Unsecured Bond – Is there any Accountability?
Op-Ed by Juan Chavez – Mar 13, 2017
In October 2016, KOB-TV reported on a story where two individuals Christopher Martinez and Bill Whitten had stolen a APD bait car. The story was of interest because the police officer in the criminal complaint wrote the defendants we’re bragging that they were going to be “ROR” or released on their own recognizance in the morning. APD spokeswoman Celina Espinoza said the officer communicated this to the judge, “So they can set high bonds when need be, that they know the suspects’ criminal history beforehand, and that we make a recommendation on bond.”
The Metropolitan Judge did consider this factor and set a cash bond that the defendants did not post. However when both defendants were indicted another Judge set conditions of an unsecured bond, which is equivalent to an ROR (release on own recognizance). An unsecured bond is when a defendant is released on his/her written promise to appear at all court proceedings and to pay the court the full bond amount in the event he/she fails to appear. Almost all jurisdictions have no intention to collect the bond or even has a procedure to do so. Defendants do not prove or often have the assets to pay a bond forfeiture but will still enter into the agreement. The Bureau of Justice Statistics did a Special Report in November 2007 that found defendants released on a unsecured bond are more likely “to have a bench warrant issued because they failed to appear in court” and have “a greater probability of being rearrested while on pretrial release.” As this report predicted, this exact occurrence happened in the KOB-TV story.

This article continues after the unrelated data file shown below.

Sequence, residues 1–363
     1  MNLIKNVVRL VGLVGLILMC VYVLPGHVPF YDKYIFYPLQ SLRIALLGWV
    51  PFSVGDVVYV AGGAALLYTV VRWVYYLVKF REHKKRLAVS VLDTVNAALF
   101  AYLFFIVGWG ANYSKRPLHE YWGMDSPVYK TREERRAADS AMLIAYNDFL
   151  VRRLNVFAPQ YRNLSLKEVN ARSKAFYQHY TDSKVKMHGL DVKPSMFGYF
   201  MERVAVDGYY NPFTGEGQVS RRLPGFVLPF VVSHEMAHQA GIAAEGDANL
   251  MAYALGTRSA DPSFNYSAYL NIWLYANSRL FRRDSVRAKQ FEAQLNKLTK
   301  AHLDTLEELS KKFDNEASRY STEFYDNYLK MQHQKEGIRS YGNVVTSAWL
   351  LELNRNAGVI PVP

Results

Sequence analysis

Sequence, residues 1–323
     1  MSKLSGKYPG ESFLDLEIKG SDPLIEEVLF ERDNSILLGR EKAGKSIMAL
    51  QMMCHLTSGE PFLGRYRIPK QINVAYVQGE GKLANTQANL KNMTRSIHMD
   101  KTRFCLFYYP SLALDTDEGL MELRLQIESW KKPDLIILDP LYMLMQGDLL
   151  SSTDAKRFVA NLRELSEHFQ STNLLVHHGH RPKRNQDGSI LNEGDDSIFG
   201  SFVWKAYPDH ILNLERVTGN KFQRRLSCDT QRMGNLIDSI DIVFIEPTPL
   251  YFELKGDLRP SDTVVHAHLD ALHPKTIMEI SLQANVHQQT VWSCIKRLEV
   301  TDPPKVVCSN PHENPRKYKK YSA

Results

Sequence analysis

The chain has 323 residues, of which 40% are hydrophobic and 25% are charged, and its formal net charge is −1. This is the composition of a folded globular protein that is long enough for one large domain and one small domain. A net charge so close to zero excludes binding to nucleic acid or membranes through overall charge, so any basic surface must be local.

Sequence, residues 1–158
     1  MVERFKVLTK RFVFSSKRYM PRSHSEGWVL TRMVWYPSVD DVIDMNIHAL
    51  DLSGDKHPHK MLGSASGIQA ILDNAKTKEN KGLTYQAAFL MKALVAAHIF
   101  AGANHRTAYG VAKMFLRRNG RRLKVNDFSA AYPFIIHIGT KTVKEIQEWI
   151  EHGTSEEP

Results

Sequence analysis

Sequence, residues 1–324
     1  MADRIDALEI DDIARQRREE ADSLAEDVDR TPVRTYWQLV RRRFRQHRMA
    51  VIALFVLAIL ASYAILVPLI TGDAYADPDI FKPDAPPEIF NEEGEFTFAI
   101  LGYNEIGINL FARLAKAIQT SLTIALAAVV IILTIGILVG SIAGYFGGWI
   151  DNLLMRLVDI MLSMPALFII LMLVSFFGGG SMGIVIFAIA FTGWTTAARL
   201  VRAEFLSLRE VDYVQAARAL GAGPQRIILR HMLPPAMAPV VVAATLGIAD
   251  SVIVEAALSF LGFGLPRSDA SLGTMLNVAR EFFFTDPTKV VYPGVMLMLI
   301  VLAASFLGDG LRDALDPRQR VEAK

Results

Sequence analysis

Christopher Martinez after being released on an unsecured bond failed to appear for his first hearing and a warrant was issued. Court records report the warrant was quashed and he was released again on the same unsecured bond two weeks later. He had a Court hearing a month after which he failed to appear again. He was eventually arrested again for unlawful taking of a motor vehicle, and the FTA warrant. He entered into a plea agreement for both cases. Bill Whitten was also released on an unsecured bond and also failed to appear. Court records show Whitten’s FTA warrant is still outstanding.
Presently in New Mexico there is a Bill HB508 to avert this type of occurrence by preventing unsecured bonds. The bill has to be heard before the House Judiciary Committee and has yet to be scheduled. I urge everyone who supports this bill to email Representative Gail Chasey at email@example.com and request the bill be heard before her committee on Friday March 24, 2017.